Apple wants consumers to pay for things using their fingers. Google and Amazon want consumers to pay with their faces. Alibaba is looking elsewhere.
Yesterday (Sept. 14) Ant Financial, Alibaba’s payments and financial-services affiliate, announced it had purchased Kansas City, Missouri-based startup EyeVerify for an undisclosed sum (though reports citing unnamed sources place it at $70 to $100 million). The acquisition shows how the Chinese e-commerce giant is aggressively, if stealthily, expanding its footprint abroad, while also advancing the adoption of biometric security—that is, the analysis of detectable biological features.
EyeVerify makes software that recognizes the red veins in a person’s sclera, the white part of the eyeball. Using the front-facing camera on a smartphone, it captures the eye’s vein patterns, records the related data, and then uses it to perform certain tasks, such as unlocking the phone or logging into an account—just as other smartphones use your fingerprint. The company claims that this form of verification is as secure as a 50-character password.
Ant Financial introduced the software in its Alipay mobile payments app in July 2015 to a small pool of beta testers. These users can opt to log in to the app using an eye test, as well as ordinary passwords and fingerprint readings on some phones.
Chinese companies in particular have much to gain from investing in biometrics for security. Online fraud is rampant throughout the country, and despite the size of Alibaba and competitors like Tencent, Chinese internet giants still struggle to curb password theft and scams. Jiewang, a service that collects reports of online fraud run jointly by the city of Beijing and software company Qihoo 360, received notice of 24,886 instances (link in Chinese) of online fraud in 2015, with the average loss amounting to 5,016 yuan per person (about $750).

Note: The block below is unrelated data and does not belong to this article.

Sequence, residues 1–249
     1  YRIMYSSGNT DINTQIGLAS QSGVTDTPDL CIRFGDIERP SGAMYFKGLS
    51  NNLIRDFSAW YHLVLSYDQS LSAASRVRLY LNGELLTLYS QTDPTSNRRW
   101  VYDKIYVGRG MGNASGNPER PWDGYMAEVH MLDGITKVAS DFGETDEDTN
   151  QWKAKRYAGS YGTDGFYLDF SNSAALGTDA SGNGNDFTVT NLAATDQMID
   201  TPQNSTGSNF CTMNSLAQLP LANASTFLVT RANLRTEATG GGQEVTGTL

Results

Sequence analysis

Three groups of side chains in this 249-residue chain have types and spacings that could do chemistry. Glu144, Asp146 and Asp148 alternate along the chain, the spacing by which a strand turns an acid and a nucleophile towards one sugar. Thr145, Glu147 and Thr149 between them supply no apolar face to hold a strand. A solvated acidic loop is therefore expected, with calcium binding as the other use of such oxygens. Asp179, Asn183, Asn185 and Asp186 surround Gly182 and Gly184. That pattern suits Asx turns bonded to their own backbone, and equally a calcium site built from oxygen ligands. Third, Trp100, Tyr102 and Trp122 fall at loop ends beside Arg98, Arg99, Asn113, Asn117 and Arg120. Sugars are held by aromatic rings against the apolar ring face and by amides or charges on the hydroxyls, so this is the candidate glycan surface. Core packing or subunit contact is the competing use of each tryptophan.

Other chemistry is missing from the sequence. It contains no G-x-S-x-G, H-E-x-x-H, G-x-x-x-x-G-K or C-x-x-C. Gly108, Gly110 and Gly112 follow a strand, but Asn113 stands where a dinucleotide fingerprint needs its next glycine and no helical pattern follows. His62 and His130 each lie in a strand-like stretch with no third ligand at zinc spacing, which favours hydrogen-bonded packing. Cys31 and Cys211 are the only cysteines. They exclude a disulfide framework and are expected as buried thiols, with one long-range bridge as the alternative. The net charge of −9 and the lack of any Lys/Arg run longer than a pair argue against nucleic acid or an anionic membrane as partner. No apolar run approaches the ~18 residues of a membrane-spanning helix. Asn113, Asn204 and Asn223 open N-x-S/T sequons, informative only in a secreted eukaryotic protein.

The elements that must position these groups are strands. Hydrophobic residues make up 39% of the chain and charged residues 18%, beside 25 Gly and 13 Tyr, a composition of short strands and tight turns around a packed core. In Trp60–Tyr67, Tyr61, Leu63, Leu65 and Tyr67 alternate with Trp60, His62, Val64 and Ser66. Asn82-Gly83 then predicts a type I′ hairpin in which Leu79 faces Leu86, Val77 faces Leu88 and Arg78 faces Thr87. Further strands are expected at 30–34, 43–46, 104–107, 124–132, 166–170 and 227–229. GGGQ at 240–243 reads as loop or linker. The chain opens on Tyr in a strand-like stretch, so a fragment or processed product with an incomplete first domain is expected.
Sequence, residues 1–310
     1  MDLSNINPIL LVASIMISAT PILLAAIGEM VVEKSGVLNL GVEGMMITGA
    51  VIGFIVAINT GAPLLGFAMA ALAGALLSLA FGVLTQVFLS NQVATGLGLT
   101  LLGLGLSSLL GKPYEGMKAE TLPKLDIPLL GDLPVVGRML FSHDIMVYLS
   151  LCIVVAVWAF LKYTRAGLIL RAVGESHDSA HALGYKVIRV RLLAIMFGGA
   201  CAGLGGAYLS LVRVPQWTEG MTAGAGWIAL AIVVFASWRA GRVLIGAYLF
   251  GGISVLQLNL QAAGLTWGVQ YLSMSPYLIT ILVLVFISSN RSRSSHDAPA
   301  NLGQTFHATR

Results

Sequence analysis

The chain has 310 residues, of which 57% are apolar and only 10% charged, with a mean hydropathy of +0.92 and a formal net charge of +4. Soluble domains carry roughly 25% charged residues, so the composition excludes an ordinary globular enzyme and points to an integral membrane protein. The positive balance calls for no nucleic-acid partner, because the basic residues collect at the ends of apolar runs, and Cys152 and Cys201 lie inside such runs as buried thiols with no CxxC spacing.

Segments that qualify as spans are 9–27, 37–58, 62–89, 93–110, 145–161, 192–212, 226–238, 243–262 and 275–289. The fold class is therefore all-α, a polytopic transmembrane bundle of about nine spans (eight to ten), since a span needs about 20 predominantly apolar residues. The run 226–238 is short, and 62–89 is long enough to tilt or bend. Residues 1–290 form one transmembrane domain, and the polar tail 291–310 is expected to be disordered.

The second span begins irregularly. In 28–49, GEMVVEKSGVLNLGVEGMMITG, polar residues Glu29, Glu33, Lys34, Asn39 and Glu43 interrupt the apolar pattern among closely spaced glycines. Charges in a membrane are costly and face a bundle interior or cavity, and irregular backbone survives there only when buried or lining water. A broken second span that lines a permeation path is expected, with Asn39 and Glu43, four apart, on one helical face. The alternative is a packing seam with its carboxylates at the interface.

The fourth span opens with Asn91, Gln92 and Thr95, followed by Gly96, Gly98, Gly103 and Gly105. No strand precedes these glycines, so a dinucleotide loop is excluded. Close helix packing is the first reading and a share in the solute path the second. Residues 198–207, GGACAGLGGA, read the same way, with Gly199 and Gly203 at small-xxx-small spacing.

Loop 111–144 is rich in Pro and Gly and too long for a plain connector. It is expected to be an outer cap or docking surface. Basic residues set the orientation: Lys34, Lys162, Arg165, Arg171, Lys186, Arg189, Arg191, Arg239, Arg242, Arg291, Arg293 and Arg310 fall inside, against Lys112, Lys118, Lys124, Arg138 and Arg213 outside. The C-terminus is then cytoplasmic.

Alibaba already hinted at its ambitions to ramp up reliance on biometrics for security when it demoed a “pay with a selfie” feature on Alipay, using facial recognition from Face++, a Chinese startup. That company later partnered with Uber in China to launch face-recognition tests for drivers, in order to better ensure that the person behind the wheel was indeed the same person logged into the app.
Acquiring EyeVerify also gives Ant Financial a path to expand outside of China. Both Ant and Alibaba remain wildly popular among domestic Chinese internet users, but have a very weak presence outside their borders. EyeVerify, meanwhile, has inked partnerships with smartphone companies like Nokia and Samsung, as well as with banks such as the US’s Wells Fargo. In the future, when looking at your phone to make a bank transfer, you might actually be looking towards China.